Make no mistake. I’m caught between a rock and a hard place. And whatever the outcome, neither me nor my client is going to be happy. Damn those ethical rules!
Lawyering ethically isn’t as easy as one might think. You see, two competing principles govern attorneys’ behavior. On the one hand, rules of professional conduct preclude us from promoting or permitting perjury. On the other hand, we’re required to represent our clients zealously.
Accommodating both concepts means walking a fine line. When I’m evaluating clients’ cases for the first time, I have to state the governing law and then massage the most helpful details from the clients, without putting words in their mouths. I can’t and won’t encourage people to invent facts which establish the defense or claim I’ve described.
Usually, I employ hypotheticals when interviewing new clients or when preparing them to testify. I tell them that the law provides “x,” so if the facts are “y” and “z” those requirements will be satisfied. From there, it’s up to them to recall whether their particular situations fit the standards I’ve related.
That’s the method I used when agreeing to defend “John” in a lawsuit and when preparing him for his deposition. For reasons soon to be obvious, I’ll omit any particulars about him or his case. All you need to know is, while under oath at his deposition yesterday, he flat out lied. He said things diametrically opposed to the information he’d conveyed when we first met and during our preparation process.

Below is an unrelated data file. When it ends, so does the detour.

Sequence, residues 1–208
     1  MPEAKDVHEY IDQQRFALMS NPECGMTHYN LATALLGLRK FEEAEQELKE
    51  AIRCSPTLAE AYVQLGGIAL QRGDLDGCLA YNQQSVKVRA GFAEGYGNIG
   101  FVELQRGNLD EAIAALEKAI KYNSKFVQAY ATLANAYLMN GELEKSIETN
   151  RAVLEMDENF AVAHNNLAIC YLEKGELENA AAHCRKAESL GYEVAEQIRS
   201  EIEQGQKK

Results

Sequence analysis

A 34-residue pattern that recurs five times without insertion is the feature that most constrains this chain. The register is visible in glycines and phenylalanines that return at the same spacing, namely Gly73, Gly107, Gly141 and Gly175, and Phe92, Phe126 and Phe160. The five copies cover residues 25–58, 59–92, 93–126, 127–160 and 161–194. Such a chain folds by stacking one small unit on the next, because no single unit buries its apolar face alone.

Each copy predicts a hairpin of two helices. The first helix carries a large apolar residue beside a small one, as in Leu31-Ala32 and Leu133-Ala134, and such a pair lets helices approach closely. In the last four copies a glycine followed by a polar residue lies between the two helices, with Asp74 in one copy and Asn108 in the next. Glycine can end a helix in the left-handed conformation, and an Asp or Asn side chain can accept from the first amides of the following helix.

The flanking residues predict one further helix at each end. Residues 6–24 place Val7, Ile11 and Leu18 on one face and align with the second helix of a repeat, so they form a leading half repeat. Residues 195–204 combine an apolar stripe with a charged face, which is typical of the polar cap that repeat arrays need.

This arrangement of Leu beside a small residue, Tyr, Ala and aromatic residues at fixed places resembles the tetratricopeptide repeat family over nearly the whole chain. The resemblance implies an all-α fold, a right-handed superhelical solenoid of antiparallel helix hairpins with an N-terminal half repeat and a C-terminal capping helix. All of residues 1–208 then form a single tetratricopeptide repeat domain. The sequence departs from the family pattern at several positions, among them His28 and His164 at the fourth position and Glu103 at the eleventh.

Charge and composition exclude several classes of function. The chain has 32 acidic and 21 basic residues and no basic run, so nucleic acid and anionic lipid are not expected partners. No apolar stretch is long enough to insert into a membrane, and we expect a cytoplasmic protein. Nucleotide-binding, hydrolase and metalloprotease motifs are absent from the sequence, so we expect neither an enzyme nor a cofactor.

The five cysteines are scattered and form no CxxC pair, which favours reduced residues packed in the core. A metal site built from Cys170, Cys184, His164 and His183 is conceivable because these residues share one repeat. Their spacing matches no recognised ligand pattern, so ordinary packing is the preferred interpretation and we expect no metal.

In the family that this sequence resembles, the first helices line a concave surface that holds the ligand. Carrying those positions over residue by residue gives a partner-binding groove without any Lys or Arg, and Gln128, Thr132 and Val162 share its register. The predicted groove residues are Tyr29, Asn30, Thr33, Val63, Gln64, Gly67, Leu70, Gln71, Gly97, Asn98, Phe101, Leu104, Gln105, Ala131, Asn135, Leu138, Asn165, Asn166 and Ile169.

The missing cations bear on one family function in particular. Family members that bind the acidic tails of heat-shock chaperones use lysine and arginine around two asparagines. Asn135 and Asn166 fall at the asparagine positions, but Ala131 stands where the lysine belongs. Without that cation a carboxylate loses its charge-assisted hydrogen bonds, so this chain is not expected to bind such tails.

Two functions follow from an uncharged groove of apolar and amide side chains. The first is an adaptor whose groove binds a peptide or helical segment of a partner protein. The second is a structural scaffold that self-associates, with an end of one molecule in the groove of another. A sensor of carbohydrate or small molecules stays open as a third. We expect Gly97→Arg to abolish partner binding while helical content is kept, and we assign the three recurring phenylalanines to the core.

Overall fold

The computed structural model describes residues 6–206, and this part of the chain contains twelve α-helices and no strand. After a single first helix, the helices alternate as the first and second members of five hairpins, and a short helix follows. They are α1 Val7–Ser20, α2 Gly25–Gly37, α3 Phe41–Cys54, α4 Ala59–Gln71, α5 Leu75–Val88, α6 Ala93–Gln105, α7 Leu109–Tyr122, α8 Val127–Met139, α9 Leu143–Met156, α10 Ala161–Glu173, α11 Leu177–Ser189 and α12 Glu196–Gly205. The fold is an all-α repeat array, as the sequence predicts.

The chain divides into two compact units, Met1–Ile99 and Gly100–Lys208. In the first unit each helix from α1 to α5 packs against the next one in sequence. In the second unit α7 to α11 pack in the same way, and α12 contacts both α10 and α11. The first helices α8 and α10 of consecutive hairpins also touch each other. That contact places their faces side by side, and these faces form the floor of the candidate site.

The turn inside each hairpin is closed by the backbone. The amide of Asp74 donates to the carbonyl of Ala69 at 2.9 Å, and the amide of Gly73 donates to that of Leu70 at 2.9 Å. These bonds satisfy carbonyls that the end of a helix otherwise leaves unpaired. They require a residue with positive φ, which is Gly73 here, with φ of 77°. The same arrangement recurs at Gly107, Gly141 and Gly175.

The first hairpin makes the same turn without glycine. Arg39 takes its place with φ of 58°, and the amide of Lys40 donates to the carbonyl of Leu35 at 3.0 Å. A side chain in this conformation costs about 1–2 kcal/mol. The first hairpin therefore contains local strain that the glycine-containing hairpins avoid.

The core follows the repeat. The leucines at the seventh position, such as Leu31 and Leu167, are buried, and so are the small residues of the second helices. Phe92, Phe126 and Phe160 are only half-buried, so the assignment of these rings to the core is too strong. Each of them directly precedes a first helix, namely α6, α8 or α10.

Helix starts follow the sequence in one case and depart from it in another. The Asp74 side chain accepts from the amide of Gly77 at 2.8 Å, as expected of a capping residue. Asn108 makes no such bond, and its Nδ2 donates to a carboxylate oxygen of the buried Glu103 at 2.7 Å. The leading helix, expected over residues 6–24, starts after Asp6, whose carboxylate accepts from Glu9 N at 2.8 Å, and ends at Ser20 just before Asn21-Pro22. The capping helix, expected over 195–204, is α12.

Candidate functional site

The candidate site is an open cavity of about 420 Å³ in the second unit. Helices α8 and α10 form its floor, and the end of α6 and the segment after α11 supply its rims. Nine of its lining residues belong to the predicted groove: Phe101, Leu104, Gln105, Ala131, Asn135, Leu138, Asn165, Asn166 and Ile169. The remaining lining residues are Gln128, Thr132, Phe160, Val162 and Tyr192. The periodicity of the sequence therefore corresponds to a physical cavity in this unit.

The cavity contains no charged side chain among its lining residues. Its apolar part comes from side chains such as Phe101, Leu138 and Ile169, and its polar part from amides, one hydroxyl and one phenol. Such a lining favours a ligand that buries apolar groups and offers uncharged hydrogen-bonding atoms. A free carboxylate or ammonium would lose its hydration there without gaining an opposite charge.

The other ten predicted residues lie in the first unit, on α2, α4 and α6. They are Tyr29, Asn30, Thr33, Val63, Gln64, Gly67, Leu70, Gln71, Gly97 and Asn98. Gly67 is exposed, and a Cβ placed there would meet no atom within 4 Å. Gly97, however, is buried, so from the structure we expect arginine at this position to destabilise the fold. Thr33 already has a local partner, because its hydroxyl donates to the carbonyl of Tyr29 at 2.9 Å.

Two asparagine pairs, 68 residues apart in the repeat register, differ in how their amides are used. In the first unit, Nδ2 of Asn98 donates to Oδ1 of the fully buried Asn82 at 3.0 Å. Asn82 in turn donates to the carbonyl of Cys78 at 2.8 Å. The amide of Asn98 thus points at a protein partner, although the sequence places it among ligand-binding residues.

At the day’s end, I pulled John aside and, as calmly as I could manage under the circumstances, asked him to explain why he’d perjured himself. He matter-of-factly replied: “Because you told me to.”
So much for calm: “Whaddya mean, I told you to?! I never said you should lie!!!”
“Well, not in so many words,” he replied. “But when we went over my main defense, and you explained again how the law works and the kind of facts that fit, you winked.”
As I belatedly explained, I wear contact lenses. And dust or a stray eyelash occasionally becomes trapped beneath a lens. When that happens, I have to either gently rub the eye or at least blink rapidly to ease the discomfort. “So you see,” I said to John, “I didn’t wink; I blinked.”
“Ohhhh, my bad!” John conceded. “What do we do now?”